SA Jewish community at risk of losing young, skilled immigrants

  • DBrotmanUSE
I was very fortunate to have received permanent residency in South Africa in 2013, under the category of “exceptional skills”. I was 26 years old at the time. After some years performing Jewish communal work, I went on to co-found a company that curates sector-specific trips to nine destinations around the world. This is for South African professionals and entrepreneurs who want to take advantage of some of the best technological innovations in their industry.
by DAN BROTMAN | Jul 12, 2018

I am proud that my company provides global exposure and expansion opportunities to hundreds of small, medium and micro-sized enterprises (SMMEs) and corporates – and proud of the fact that we have created employment for South Africans.

Given that I can access almost 200 countries visa-free, many people could not understand why I chose to apply for South African citizenship in 2016. For me, citizenship is a tangible sign of identity and belonging, and I yearned to ‘belong’ on paper to the country I had lived in for the majority of my adult life.

As my professional and voluntary work have always focused on contributing to South Africa’s social and economic fabric, it felt like the ultimate sign of rejection when my application was refused last year. The High Court in Cape Town recently found that the reasons given were in contravention of the Constitution.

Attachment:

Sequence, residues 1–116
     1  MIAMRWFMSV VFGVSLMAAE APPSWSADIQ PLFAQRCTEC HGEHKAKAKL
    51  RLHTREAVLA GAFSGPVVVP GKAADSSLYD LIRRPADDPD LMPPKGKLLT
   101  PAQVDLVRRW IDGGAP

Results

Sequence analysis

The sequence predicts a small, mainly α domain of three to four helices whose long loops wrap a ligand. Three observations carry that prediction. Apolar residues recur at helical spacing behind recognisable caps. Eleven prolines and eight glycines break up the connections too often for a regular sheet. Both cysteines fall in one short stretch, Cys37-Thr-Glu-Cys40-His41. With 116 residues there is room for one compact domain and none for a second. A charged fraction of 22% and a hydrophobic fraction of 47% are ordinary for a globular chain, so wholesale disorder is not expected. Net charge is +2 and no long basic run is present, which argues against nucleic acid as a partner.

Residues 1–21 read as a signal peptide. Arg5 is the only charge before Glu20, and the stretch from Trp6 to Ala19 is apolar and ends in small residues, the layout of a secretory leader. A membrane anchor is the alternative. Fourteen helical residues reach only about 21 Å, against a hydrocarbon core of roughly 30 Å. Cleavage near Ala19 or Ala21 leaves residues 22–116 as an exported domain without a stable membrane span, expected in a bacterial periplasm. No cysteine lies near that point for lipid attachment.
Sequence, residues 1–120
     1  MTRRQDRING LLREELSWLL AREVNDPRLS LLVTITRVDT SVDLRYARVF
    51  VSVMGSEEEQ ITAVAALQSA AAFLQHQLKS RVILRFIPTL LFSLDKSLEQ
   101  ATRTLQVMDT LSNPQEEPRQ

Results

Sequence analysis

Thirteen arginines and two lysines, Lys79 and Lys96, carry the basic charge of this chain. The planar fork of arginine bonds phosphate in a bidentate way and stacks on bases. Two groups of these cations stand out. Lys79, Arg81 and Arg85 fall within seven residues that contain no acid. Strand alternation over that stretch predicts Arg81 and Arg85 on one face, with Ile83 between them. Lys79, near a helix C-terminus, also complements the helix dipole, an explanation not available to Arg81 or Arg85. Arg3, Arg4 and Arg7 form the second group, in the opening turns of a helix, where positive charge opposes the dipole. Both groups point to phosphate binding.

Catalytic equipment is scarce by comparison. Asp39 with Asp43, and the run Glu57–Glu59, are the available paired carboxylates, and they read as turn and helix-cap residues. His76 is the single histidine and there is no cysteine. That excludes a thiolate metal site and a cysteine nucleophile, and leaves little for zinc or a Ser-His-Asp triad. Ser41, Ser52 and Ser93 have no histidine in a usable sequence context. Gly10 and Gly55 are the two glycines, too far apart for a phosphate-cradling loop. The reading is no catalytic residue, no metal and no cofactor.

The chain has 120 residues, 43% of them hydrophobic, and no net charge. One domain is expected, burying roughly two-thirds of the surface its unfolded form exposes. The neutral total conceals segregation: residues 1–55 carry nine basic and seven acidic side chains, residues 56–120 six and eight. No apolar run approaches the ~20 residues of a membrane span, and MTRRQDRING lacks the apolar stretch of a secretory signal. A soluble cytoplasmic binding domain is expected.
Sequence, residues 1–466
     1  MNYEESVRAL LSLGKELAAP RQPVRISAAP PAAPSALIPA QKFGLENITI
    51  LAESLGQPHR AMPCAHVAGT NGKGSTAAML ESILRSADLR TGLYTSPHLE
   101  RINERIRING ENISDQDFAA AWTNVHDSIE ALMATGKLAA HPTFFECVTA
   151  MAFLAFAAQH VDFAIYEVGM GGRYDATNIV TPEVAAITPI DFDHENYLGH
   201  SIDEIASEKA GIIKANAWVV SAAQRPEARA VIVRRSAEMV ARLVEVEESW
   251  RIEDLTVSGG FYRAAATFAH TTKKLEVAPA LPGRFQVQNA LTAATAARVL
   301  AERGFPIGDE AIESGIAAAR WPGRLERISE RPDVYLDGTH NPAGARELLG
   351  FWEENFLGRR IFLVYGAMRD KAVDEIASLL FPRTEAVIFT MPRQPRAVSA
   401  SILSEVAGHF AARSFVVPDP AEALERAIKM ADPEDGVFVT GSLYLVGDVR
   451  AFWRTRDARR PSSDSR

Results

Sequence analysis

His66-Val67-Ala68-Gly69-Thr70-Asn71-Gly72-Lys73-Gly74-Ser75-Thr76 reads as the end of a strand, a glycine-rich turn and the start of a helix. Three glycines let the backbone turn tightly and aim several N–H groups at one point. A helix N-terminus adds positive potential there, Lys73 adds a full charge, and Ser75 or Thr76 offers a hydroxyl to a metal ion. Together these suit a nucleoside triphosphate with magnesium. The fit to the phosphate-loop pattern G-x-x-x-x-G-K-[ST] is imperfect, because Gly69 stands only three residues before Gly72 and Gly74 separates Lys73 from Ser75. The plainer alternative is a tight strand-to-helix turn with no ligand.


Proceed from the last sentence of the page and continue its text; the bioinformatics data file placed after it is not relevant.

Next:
It now appears that my application will be finalised next month. However, had this issue not been resolved, it would have been very difficult for me to justify remaining in South Africa.

Stéphane Rogovsky is in a much less fortunate situation. The 39-year-old former banker from Belgium arrived in South Africa in 2014. He founded R-Squared Digital, a Cape Town-based influencer marketing agency that has created full-time employment for South Africans. He came here on a four-year, non-renewable Intracompany Transfer visa, which expires on 31 December.

A year and a half ago, he applied for permanent residency at the South African Embassy in Brussels and was informed 10 months later that Home Affairs had lost his application, forcing his attorney to re-submit all supporting documentation. He has still not been issued with a reference number, which means he cannot track the status of his application.

With five months left to legally stay in the country, Rogovsky may be forced to close down his company and return to Europe, resulting in job losses for South Africans and lost personal and corporate tax for the South African Revenue Service.

Canadian-born Kristy Turest-Swartz, also 39, serves as the director of fundraising strategy and operations at the United Jewish Campaign in Cape Town. She arrived in South Africa in 2003 as a volunteer, married a local, and subsequently had a South African child.

She applied for permanent residency in 2008 and waited three agonising years for her application to be approved. It took her six years and four separate attempts to finally get Home Affairs to verify the authenticity of the same certificate it had issued her. She has now been waiting for more than a year to be issued with an identity number.